We were swarmed with  tons of engaging and delightful activities, which we utterly enjoyed and wished for more literally.

I particularly treasured the bonding time I had with Little E during these days, as much as I could, knowing that I may now soon have to divide my attention and love…

Which mother does not hope to focus 100% on each and every single child they have? I am no exception! But who has succeeded in doing that if you have more than one child? I couldn’t help but felt a smorgasbord of bittersweet feelings creeping on me… Overjoyed to know that we are bearing another fruit of love given to us by our gracious God, yet also feeling afraid of losing time with Little E…

11 December 2015 – Flower Dome @ Gardens by the Bay

The day after we knew of our pregnancy, we went to Gardens by the Bay to visit the Flower Dome with our neighbours! The cooled conservatory was a perfect haven to cool off the heat from our hot and humid country. The beautiful floral display was the cherry on top!

12th December 2015 – Omnitheatre

The following day on the 12th, J brought us to the Science Centre and we had a ball of a time exploring and watching “One World, One Sky: Big Bird’s Adventure”, a 30-min movie following the Sesame Street characters such as Big Bird and Elmo on a “space-tastical” adventure. It was an eye-opener for us all to be encompassed by the screen, we did feel we were truly immersed in the movie!

12th and 14th December 2015 – Evening jogs

We took advantage of the absence of morning sickness and went about our usual routine, enjoying our evening jog around our favourite places:

Henderson Waves – Mt Faber loop

Marina Bay etc.

16 December 2015

Today was the day we confirmed our pregnancy, and in 3 days time, we will be travelling to Japan for our year end vacation!

Thought I should end this eventful post with our beautiful Little E dressed up in pretty bunny ears, photo taken at Takashimaya this evening. 😉

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Pororo Theme Park with Cousins

Today was the day we met up with my cousins Edmund and Agnes for a playdate at Pororo Theme Park! This was their first time exploring the theme park with their kiddos. Having heard that it can get rather roisterous and rowdy, they both brought their mothers along too! Turned out that 小姑 and Aunty Helen enjoyed catching up with one another as well while their grandchildren lost themselves in having a ball of time in Pororo-related activities!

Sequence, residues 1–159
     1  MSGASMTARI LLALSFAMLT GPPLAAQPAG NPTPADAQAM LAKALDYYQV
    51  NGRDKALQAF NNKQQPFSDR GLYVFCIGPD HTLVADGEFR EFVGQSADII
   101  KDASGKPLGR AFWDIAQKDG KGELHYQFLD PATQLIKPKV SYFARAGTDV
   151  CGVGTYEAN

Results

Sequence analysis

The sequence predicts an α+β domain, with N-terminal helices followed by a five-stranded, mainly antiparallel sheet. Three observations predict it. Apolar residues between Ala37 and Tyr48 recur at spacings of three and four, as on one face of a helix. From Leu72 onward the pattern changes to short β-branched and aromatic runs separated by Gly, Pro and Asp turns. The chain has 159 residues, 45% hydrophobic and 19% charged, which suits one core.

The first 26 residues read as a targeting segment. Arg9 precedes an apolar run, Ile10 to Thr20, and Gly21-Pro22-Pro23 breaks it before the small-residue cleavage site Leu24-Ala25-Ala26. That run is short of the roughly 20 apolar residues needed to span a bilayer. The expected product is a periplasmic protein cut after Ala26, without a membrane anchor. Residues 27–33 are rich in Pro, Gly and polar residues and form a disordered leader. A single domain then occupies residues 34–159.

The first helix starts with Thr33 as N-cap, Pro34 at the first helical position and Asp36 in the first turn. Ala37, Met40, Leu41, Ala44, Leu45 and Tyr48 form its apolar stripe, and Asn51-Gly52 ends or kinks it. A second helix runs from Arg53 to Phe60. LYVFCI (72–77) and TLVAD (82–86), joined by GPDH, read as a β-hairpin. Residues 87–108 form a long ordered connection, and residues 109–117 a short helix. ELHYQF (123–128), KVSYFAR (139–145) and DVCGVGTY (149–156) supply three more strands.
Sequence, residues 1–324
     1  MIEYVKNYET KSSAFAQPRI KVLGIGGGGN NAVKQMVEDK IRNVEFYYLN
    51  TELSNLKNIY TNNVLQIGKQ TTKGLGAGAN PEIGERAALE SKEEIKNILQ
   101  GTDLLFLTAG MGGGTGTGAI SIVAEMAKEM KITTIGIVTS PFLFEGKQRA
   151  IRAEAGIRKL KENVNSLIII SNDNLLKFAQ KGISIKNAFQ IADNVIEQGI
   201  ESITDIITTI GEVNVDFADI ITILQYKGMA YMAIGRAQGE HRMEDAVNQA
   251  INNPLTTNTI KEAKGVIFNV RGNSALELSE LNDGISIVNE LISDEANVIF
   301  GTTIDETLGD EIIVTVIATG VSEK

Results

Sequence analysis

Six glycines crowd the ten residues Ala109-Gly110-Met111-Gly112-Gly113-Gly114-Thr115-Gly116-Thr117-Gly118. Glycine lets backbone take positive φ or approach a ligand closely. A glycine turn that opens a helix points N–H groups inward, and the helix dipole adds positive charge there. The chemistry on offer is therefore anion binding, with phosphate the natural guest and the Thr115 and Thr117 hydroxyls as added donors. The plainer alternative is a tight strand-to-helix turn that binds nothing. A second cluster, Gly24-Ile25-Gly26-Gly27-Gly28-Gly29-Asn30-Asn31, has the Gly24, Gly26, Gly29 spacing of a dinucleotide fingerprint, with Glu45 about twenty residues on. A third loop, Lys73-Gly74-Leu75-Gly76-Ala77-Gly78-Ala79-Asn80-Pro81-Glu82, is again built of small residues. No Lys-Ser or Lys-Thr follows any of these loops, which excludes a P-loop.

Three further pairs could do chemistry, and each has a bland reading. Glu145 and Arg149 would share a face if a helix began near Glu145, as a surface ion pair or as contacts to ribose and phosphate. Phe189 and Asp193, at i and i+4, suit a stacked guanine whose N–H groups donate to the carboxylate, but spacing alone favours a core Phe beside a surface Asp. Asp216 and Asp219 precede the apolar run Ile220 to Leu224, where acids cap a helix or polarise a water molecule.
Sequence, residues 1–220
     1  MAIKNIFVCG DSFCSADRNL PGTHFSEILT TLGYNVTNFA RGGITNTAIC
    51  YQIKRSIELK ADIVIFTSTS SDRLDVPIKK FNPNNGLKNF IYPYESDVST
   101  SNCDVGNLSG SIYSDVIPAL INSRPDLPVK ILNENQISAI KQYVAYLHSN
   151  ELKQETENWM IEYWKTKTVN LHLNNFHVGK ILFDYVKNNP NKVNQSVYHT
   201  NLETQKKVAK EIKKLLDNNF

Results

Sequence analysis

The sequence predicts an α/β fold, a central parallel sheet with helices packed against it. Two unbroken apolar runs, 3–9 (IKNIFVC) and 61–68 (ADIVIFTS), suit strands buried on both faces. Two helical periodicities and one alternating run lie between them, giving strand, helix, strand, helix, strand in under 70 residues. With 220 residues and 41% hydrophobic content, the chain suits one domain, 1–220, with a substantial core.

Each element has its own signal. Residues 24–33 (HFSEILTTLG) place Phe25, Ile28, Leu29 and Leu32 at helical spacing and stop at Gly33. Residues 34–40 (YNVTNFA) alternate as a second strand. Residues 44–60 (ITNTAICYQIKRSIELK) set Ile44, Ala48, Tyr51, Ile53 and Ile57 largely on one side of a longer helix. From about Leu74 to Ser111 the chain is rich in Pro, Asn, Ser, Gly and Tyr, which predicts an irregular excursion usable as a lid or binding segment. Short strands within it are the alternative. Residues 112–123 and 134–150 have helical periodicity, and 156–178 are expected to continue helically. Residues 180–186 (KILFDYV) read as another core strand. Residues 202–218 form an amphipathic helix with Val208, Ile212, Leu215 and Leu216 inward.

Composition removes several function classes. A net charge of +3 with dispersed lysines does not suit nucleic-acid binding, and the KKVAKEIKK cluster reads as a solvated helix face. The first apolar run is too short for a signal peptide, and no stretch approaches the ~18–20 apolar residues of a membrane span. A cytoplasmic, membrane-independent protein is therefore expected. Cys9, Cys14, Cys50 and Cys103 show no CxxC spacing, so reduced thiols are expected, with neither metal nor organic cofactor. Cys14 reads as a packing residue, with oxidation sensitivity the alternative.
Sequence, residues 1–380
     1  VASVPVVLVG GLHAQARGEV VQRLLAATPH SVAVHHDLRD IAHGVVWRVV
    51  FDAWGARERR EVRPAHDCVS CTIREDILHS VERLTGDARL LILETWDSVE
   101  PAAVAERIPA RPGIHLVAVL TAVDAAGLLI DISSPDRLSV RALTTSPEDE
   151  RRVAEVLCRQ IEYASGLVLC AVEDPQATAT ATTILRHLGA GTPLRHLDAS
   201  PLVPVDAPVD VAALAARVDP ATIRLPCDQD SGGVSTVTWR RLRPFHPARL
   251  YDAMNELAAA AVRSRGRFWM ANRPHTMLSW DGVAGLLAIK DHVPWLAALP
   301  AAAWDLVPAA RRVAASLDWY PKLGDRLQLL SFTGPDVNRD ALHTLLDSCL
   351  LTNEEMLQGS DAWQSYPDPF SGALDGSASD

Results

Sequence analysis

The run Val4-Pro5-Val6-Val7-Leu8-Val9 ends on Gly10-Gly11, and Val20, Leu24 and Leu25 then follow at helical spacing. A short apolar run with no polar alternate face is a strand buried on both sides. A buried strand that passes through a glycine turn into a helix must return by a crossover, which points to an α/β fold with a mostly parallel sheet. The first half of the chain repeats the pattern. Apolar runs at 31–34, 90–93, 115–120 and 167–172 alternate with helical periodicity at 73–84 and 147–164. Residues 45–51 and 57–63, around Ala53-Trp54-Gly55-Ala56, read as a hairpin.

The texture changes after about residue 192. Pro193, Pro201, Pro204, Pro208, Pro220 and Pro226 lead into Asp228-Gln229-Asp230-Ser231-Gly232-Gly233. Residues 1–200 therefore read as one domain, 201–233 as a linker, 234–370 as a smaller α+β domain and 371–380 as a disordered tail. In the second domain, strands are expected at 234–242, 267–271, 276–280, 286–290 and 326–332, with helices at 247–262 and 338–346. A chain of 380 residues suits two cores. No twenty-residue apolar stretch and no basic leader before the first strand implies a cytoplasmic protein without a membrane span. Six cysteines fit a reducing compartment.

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Our children namely 3+ yo Chloe (Edmund’s daughter), 2.5 yo William (Agnes’ son) and 2+ yo Little E were shy towards each other upon meeting, but the ice was broken once they boarded the Polar Express!

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Most of the time, Chloe was all over the theme park, spending mere minutes here and there, before zooming off to another spot in excitement. Her energy was zestier than the Energizer Bunny!

Little E was thrilled to be spun around on the foam merry-go-round, being knocked over and getting back up time and again, countlessly. I was dizzy and exhausted just watching her! 😄

Before 2 hours were up, the children were already geared for lunch! All that mindless running and boisterous laughing had zapped them of any remaining energy left within those tiny bodies of theirs. They were definitely in need of some refuelling before their engines could go huffing and puffing again.

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Even I was feeling famished somehow, despite having consumed a bigger than usual breakfast this morning. Instead of having lunch together, I bade them farewell at the Korean BBQ restaurant they chose, because “hangry” (aka hungry + angry) Little E was throwing up a storm due to fatigue. I headed straight to The Soup Union with Little E, who had fallen asleep in the pram by the time I reached Raffles City Shopping Centre. By then, I felt a little weak at the knees upon feeling unusually palpitated as well. I sat and wolfed down the meal I ordered after reserving a portion for Little E, who woke shortly after and enjoyed her meal on the go.

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We reached home and opened up the Christmas presents they gave Little E. We were thrilled to receive the very first My Little Pony from Edmund – Pinkie Pie! Generous Agnes gave E a gorgeous dress and a bunny softie called Tiramitu (提拉米兔)! Christmas did came early for our little precious! 😍

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Christmas Gathering @ The Ngs

It is an annual tradition that we gather together for Christmas, and almost every year at The Ngs. They are by far, the most hospitable among us. This year was no exception, and Christmas came early for all of us 😉

Great food was prepared and served, from appetisers to mains and even desserts to end the sumptuous fare in a sweet note. Kudos to the lady of the house, Rachel for initialising each year’s gathering, planning the menu and executing the dishes to perfection. I could still remember the delicious baked chicken.

The men made merry with their usual card playing in the lounge, while the ladies and children had a ball of time in the girls’ room.

The whole gang consisted of 4 families and 1 bachelor. We have been friends since about 10 years ago, even before we were all married, except for the Ho’s who were already married when we knew each other.